In addition to examining trends in media coverage, FAIR sponsors lectures, encourages members to write columns for daily newspapers and publishes a magazine called EXTRA!. The organization raises a little more than half of its funds from member contributions and magazine subscriptions; foundation grants account for the rest. FAIR's annual budget is approximately $700,000.

FAIR is just one player in a media-analysis cottage industry that has burgeoned since the founding of the conservative news-watchdog group Accuracy in Media. Organizations like the Media Research Center (an outgrowth of the notorious National Conservative Political Action Committee) and the Center for Media and Public Affairs also perform exhaustive studies of news reporting--from a conservative perspective.

Consequently, newsletters like the Media Research Center's Media Watch proffer conclusions that are diametrically opposed to FAIR's. In fact, the efforts of Accuracy in Media and the Media Research Center have done much to convince Americans that reporters and editors have a liberal bias.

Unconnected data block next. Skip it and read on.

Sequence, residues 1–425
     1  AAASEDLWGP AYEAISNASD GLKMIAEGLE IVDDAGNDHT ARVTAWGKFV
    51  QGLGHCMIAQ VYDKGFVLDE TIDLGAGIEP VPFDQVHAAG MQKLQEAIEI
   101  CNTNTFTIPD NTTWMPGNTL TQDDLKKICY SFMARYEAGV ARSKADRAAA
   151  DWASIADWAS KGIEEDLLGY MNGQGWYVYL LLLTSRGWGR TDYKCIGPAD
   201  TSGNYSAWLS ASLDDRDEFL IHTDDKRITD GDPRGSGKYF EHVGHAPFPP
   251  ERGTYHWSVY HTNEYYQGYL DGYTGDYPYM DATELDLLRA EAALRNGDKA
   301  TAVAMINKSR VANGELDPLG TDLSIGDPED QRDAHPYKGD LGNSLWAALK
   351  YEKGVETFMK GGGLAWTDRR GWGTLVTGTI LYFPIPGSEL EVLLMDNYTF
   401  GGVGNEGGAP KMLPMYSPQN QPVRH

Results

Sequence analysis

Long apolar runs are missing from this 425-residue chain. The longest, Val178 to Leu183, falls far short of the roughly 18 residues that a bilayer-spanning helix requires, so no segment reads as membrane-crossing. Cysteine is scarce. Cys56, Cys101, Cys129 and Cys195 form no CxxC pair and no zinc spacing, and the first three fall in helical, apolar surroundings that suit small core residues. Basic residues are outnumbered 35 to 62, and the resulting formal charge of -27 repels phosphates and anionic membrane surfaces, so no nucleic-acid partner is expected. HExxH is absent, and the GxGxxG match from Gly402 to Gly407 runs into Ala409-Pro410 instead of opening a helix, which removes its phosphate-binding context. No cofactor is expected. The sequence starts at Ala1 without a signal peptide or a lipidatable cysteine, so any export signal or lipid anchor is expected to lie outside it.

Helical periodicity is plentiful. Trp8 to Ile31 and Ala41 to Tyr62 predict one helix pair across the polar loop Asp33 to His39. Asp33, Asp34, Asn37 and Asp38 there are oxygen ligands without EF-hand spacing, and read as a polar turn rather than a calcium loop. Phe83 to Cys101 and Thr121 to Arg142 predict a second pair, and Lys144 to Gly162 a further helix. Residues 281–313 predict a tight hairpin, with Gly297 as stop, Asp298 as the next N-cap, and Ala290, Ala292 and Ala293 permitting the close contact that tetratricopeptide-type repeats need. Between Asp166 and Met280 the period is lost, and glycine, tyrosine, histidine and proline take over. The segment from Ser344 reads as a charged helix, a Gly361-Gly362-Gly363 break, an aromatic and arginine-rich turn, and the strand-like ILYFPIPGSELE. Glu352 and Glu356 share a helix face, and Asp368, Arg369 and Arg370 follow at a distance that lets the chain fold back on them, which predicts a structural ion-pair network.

Tim Graham, associate editor of Media Watch, doesn't attempt to mask his newsletter's conservative agenda; he says he has no interest in tracking the veracity of Rush Limbaugh. He blames divergent reports of media bias more on methodology than on philosophy. While Graham's Media Watch focuses on tidbits of reportage, Accuracy in Media attempts more comprehensive exposs on narrower subjects and FAIR examines the political bent of sources employed.

"He [Cohen] focuses more on the people who are interviewed than what the reporters say," says Graham, whose organization has a $2 million annual budget, much of it donated by individual conservatives and corporations.

Cohen insists that FAIR's methods are best. Other watchdog groups determine ideology by trying to label journalists' political affiliations, while FAIR examines the sources those journalists choose to interview, he says, adding, "If there's a bias in so-called objective journalism, it's the bias of the sources." But Cohen maintains that his organization--unlike some of the others--does not have an ideological agenda. Rather, he says, FAIR attempts to further the cause of the disenfranchised.

It all might prompt the reader-viewer-listener to wonder: Who will watch the media watchdogs?